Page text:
Disc Replacement Surgeon Dr. Karsten Ritter-Lang, with his team, presented a report on Outcomes for the Treatment of Degenerative Disc Disease in the Lumbar Spine Using Spinal Kinetics M6 Lumbar Disc Replacement implant at this year's International Society for the Advancement of Spine Surgery, 15th Annual Conference.
At the conference Dr. Karsten Ritter-Lang's team reported significantly decreased back pain in both multi-level and single level artificial disc replacement patients at two years using the Spinal Kinetics M6 Artificial Disc Replacement.
Unlike the early ball-in-socket disc replacement implants this advanced disc replacement implant The Spinal Kinetics M6 Artificial Disc Replacement, now available outside the US, offers improved end-plate fixation, reducing implant migration and the risk of revision surgery. These improved artificial disc replacement products also have motion control, to reduce the post-op hyper-activity and long term complications caused by the early ball-in-socket artificial disc replacement implants. These early implants have been found to stress facet joints, ligaments, and muscles causing future complications. These next generation artificial disc replacement products also have added the safety of shock absorption, to prevent injury to adjacent structures.
The multi-center, single arm, prospective post-market registry study of the Spinal Kinetics M6® Disc Replacement reported on patients who had completed at least 24 months of follow-up. The results of the paired pain tests indicated that both multi-level and single level artificial disc replacement groups were significantly improved after 24 months.
This is the first clinical study to report on two year clinical and radiographic outcomes of Artificial Disc Replacement surgery using the Spinal Kinetics M6 Lumbar disc replacement implant. The results showed significantly decreased back pain, initial device safety and effectiveness when used for the treatment of lumbar degenerative disc disease at one or more lumbar spine levels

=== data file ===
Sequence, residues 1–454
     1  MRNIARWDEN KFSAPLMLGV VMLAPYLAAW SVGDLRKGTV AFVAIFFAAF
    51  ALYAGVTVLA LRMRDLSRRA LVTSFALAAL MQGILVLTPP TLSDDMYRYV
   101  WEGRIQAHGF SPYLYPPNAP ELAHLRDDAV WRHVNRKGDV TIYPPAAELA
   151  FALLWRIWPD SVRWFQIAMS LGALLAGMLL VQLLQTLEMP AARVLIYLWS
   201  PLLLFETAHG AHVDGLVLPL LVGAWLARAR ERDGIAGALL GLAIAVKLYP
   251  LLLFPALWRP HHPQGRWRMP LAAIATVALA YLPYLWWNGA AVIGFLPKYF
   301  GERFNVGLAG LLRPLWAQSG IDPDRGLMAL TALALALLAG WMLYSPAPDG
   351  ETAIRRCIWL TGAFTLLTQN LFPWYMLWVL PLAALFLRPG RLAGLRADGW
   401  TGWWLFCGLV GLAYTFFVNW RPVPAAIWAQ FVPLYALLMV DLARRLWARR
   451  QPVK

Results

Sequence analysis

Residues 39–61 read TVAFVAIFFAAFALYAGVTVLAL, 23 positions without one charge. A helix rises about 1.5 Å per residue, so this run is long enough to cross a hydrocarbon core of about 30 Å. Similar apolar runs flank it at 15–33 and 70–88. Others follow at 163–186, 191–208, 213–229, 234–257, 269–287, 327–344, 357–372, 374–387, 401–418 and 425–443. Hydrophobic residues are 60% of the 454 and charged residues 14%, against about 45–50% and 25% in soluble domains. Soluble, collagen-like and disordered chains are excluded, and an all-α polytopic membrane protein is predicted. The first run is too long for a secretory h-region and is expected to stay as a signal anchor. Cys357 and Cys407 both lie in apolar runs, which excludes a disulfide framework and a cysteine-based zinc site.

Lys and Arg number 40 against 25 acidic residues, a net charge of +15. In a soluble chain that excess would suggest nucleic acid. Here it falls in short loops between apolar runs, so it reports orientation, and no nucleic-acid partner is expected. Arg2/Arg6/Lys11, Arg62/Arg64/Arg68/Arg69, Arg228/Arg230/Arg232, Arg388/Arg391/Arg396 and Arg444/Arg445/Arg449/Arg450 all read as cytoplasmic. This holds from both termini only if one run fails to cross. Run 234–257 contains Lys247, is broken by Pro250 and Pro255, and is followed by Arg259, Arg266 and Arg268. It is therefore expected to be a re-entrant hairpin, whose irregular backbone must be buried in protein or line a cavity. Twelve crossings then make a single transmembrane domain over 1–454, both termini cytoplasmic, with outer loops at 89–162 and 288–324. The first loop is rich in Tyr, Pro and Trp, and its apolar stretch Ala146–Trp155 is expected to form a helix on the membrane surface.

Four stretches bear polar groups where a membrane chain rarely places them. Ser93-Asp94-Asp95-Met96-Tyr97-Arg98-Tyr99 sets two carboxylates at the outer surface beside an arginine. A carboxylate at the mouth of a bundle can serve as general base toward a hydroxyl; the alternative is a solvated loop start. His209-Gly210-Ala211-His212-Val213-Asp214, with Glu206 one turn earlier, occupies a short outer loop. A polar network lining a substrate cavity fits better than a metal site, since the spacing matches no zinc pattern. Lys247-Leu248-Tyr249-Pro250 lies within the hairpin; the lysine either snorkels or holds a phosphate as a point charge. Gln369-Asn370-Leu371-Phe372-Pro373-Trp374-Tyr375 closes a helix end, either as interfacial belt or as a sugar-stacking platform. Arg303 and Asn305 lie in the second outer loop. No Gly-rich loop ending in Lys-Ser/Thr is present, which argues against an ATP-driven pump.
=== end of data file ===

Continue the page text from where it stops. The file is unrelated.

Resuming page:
Artificial Disc Replacement technology has come a long way and improved artificial disc replacement implants now provide a natural “Quality of Motion” unlike the early ball-in-socket disc replacement designs.
To determine back surgery or neck surgery success rates we also should ask, how do we define success?
If the patient has a perfect surgery without complications this could be considered a successful disc replacement surgery. The surgery has restored the disc height it has decompressed all the nerves and prevented future paralysis. So, the disc replacement was a success, right? Should we consider reduction of back pain or other symptoms? Disc Replacement Surgeon Dr. Ritter-Lang and his team have 100% success since using the Spinal Kinetics Disc Replacement implant. This means No device failures, removals, migrations or complications that resulted in permanent damage or disability. Reduction of back pain and neck pain is measured in other ways.
We must also understand that the statistics include all patients and for some disc replacement surgery was their last hope or they had other surgeries prior. The younger, healthier, single-level patients without previous surgeries will do better and heal faster than many other patients. How fast, how much better depends and how much pain relief depends on many factors. Of course how skilled the surgeon is greatly effects disc replacement success rates. Success rates will vary widely by surgeon, look for experience. The best hope for a patient is to find a surgeon with peer verified results.
Fusion Surgery or Disc Replacement Surgery?
In the last decades medical technology has moved forward at a faster than ever pace. Yet most spine surgeons remain stuck in the past, limited by regulation they are still using fusion surgery or outdated disc replacement technology.
Due to FDA restrictions, limitations of the approved products, and the inexperience of many surgeons, many patients will be exposed to unnecessary risk, get debilitating fusion surgery, or continue to suffer needlessly. Most, never knowing there are better options available, technology that can preserve the natural motion of the spine, and surgeons with the experience required to help them.
Why avoid fusion surgery?
There are several concerns with spinal fusion. Overall success rates for fusion surgery are very low and the recovery is long and painful. Even after a “successful” spinal fusion, problems begin to develop soon after the surgery. The segments next to the fusion surgery have more forces applied causing “adjacent level degeneration” which studies have shown will lead to additional pain and surgeries.
Why wait? Disc Replacement Surgery with the Spinal Kinetics M6 Artificial Disc Replacement is available now go to www.artificialdiscreplacement.com